Sampling Problems Can Cause Outliers

Inferential statistics use samples to draw conclusions about a specific population. Studies should carefully define a population, and then draw a random sample from it specifically. That’s the process by which a study can learn about a population.

Unfortunately, your study might accidentally obtain an item or person that is not from the target population. There are several ways this can occur. For example, unusual events or characteristics can occur that deviate from the defined population. Perhaps the experimenter measures the item or subject under abnormal conditions. In other cases, you can accidentally collect an item that falls outside your target population, and, thus, it might have unusual characteristics.

If you can establish that an item or person does not represent your target population, you can remove that data point. However, you must be able to attribute a specific cause or reason for why that sample item does not fit your target population.

Natural Variation Can Produce Outliers

The previous causes of outliers are bad things. They represent different types of problems that you need to correct. However, natural variation can also produce outliers—and it’s not necessarily a problem.

All data distributions have a spread of values. Extreme values can occur, but they have lower probabilities.

If your sample size is large enough, you’re bound to obtain unusual values. In a normal distribution, approximately 1 in 340 observations will be at least three standard deviations (3 SDs) away from the mean. However, random chance might include extreme values in smaller datasets. In other words, the process or population you’re studying might produce weird values naturally. There’s nothing wrong with these data points. They’re unusual, but they are a normal part of the data distribution.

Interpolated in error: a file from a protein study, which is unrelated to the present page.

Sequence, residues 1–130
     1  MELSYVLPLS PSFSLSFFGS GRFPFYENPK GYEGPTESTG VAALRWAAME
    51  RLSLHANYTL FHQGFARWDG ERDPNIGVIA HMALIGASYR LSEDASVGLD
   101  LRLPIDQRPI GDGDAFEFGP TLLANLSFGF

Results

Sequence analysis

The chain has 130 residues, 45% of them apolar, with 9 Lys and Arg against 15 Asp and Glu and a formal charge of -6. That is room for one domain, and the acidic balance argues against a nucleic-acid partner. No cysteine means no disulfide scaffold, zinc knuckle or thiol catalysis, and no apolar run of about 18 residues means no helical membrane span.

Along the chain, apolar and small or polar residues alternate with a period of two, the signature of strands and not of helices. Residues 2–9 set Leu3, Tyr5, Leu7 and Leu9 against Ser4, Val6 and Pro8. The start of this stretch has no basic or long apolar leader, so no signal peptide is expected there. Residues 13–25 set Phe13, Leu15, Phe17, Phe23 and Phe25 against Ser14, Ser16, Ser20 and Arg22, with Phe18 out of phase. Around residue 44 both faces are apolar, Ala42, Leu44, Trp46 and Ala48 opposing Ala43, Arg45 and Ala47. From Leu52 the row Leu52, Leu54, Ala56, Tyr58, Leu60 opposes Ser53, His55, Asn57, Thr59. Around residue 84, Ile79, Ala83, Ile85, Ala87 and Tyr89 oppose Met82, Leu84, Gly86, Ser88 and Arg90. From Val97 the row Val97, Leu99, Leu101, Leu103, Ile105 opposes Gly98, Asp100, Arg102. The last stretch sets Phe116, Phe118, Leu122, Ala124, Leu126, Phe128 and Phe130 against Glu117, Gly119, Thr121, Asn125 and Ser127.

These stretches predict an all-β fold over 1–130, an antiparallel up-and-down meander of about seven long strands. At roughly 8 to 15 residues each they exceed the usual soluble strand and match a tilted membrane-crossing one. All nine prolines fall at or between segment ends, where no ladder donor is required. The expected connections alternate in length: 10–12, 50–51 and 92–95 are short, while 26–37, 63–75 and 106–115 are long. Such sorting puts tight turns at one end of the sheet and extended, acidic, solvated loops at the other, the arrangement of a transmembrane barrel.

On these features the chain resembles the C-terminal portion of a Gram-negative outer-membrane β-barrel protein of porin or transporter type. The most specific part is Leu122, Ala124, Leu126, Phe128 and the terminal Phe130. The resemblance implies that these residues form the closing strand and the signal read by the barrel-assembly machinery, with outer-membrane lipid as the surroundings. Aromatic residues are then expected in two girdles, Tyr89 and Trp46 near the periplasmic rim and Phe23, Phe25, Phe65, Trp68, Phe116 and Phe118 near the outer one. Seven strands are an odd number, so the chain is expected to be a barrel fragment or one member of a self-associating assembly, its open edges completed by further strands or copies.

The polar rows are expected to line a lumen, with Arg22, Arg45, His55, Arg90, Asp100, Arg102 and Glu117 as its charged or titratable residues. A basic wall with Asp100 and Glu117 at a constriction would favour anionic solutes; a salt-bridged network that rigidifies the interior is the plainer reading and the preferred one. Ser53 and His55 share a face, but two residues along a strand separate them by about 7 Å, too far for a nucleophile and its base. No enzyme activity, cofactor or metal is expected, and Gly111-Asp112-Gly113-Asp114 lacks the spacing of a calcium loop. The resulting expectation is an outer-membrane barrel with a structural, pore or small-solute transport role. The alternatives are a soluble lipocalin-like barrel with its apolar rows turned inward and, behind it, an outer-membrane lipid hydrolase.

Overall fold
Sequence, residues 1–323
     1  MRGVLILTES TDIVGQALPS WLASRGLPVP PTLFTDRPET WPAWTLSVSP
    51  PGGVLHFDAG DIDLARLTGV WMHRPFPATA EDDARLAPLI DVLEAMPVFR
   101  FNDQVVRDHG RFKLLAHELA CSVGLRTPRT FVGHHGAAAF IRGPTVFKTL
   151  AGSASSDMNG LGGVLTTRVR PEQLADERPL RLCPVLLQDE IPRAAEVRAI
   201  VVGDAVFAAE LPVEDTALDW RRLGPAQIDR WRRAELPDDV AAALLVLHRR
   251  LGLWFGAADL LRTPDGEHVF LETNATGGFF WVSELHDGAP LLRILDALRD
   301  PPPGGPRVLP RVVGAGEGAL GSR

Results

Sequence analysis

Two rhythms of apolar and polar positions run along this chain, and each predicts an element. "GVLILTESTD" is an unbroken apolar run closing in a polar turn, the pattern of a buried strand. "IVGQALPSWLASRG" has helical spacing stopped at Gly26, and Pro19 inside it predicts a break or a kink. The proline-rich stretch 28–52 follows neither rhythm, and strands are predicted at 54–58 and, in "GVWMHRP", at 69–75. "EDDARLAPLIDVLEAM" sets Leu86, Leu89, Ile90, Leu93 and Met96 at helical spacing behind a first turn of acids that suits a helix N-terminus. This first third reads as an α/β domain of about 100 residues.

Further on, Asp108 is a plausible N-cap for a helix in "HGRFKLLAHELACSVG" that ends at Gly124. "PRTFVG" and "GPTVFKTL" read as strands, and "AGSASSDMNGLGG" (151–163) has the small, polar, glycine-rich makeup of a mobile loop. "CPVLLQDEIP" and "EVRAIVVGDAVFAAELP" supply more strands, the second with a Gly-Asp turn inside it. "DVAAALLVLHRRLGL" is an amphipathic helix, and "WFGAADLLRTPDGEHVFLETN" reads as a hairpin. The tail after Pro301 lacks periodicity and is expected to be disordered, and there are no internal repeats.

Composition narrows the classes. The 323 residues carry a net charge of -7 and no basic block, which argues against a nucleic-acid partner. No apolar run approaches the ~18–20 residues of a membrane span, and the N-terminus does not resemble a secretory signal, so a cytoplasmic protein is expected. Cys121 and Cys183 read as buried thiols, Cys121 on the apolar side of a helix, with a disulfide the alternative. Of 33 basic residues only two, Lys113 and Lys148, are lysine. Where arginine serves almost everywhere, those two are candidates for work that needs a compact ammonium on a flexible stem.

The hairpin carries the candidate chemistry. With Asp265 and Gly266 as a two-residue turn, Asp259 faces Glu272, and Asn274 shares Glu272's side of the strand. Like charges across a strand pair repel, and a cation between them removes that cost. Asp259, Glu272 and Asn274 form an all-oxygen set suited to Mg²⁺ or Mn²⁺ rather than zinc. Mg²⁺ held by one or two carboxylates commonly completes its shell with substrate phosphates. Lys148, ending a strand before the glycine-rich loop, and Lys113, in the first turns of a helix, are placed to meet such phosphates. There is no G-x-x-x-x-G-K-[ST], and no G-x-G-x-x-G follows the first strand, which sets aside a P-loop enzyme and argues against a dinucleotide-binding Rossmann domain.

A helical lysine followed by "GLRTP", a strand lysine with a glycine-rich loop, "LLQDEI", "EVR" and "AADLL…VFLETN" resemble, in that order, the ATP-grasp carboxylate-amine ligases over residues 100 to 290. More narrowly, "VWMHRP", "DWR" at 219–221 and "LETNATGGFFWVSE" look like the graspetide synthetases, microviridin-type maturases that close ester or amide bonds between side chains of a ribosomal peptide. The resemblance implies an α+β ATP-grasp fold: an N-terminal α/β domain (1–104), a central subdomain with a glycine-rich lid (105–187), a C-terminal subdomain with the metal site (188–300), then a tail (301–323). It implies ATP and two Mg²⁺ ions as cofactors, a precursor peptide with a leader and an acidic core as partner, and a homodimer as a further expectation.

If the extreme value is a legitimate observation that is a natural part of the population you’re studying, you should leave it in the dataset.

So, in summary, if the outlier in question is:

  • A measurement error or data entry error, correct the error if possible. If you can’t fix it, remove that observation because you know it’s incorrect.

  • Not a part of the population you are studying (i.e., unusual properties or conditions), you can legitimately remove the outlier.

  • A natural part of the population you are studying, you should not remove it.

Types of Outliers

Outliers can be of two kinds: univariate and multivariate.

  • Univariate outliers can be found when looking at a distribution of values in a single feature space.

  • Multivariate outliers can be found in a n-dimensional space (of n-features). Looking at distributions in n-dimensional spaces can be very difficult for the human brain, that is why we need to train a model to do it for us.

Outliers can also come in different flavours, depending on the environment: point outliers, contextual outliers, or collective outliers.

  • Point outliers are single data points that lay far from the rest of the distribution.

  • Contextual outliers can be noise in data, such as punctuation symbols when realizing text analysis or background noise signal when doing speech recognition.

  • Collective outliers can be subsets of novelties in data such as a signal that may indicate the discovery of new phenomena (As in figure B).

Philosophy about Finding Outliers